Anatomy instructional methods research and the persistent debate regarding dissection have been criticised as being overly emotive and lacking the support of empirical evidence in both numbers and quality (Bergman, Van Der Vleuten, & Scherpbier, 2011; Winkelmann, 2007).
This doctoral thesis applies conversation analysis (CA), a qualitative research method, to reveal the extent to which social-interaction profoundly shapes laboratory teaching and learning. The aim is to describe the defining features of the radiography anatomy laboratory community of practice, a term originally coined by Lave and Wenger (Hellermann, 2008), in order to understand how members (i.e. demonstrators and students) enact and renew their participant roles through interaction. This applied-CA investigation examines how previously identified social interaction principles that guide everday conversations are altered and adapted in an institutional setting such as the anatomy teaching-learning laboratory.
In particular, this thesis builds upon the works of Benwell and Stokoe (2002, 2005), who in the context of university education in the United Kingdom (UK), have investigated how university tutors and students display and negotiate teaching-learning agenda and institutional membership roles, identities, and relationships during the tutorial openings. Similarly, the present investigation examines the social identities and relationships that are made relevant, embodied, and negotiated by the participants in the anatomy laboratory context. To study this, the CA method was applied to six video records of anatomy laboratory sessions. The recordings were made at pre-selected time points throughout the first-year radiography program at an Australian university. The CA analyses are grounded in previous investigations that conceptualise interaction as complex multi-layered social and cultural actions, which the participants co-construct and make sense of by drawing upon and making relevant a variety of interactional resources such as body language, sentence structure, tone, membership, affiliation and the local interaction contexts (Drew, 2012a; C. Goodwin, 2013; Mondada, 2007; Streeck, 2009).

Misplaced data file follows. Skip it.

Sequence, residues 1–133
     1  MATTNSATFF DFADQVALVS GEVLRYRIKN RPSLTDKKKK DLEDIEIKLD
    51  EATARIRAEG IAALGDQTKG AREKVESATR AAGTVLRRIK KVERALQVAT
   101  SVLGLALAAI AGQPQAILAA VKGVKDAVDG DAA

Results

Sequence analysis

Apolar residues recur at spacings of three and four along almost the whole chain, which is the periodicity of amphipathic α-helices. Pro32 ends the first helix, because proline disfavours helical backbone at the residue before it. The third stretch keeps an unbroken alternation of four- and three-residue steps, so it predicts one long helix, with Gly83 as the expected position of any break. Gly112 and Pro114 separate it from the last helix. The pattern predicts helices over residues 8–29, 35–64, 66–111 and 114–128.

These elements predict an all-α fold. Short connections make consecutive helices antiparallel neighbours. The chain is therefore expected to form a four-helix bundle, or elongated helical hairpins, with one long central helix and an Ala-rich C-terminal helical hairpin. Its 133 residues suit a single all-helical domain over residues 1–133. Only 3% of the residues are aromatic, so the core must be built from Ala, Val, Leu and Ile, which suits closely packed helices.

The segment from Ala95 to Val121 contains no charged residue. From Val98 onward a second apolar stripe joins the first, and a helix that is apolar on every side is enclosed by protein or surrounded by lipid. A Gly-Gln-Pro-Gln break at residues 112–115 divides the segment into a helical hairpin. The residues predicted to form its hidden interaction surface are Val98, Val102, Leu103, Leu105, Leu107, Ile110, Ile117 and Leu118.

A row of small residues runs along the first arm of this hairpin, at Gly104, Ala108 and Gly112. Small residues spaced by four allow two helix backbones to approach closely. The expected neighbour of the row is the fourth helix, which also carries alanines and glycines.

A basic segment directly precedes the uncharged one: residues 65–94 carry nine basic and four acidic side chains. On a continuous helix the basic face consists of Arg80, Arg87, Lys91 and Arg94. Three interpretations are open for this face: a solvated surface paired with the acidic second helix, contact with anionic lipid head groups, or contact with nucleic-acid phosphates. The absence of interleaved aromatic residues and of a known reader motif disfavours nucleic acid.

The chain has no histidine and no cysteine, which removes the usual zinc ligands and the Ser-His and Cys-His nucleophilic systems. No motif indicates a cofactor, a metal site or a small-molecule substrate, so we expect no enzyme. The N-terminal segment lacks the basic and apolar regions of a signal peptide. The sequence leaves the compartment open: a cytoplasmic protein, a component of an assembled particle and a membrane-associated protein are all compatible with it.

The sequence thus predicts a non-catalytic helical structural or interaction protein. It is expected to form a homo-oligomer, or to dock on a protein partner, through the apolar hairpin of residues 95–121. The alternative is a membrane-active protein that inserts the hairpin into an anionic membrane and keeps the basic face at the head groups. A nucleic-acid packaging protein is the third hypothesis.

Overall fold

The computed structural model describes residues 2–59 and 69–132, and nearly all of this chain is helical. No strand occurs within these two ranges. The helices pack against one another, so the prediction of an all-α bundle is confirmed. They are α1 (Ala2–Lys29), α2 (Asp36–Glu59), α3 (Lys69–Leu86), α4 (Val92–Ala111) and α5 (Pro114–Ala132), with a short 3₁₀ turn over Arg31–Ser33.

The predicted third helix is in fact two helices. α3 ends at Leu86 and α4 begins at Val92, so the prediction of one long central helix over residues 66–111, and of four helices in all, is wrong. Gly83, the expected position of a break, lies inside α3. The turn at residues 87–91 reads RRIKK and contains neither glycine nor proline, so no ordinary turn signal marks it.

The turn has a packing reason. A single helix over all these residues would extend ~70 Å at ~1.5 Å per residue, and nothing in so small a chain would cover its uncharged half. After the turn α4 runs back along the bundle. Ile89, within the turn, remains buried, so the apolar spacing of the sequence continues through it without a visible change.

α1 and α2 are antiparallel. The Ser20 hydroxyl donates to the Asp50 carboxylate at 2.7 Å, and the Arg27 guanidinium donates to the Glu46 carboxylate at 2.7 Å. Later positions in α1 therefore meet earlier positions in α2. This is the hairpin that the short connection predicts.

This investigation demonstrates that the seemingly ‘messy’ teaching-learning processes that often characterise laboratory classes can be systematically analysed and understood. Analyses show that participants collaboratively organise interactions by orienting to a set of implicit social and cultural principles that lead to emergent regular structures and patterns of interaction. Furthermore, data suggests that participants develop evolving cultural practices that are indicative of the formation of a community of practice. By making these practices visible, CA provides a means for anatomy educators to study, reflect upon, and reconceptualise their laboratory teaching practices. Additionally, guidelines may be recommended to educators to improve the quality of their pedagogical interaction. Most importantly, instructional approaches may be more accurately described before jumping to conclusions and interventions without a thorough understanding.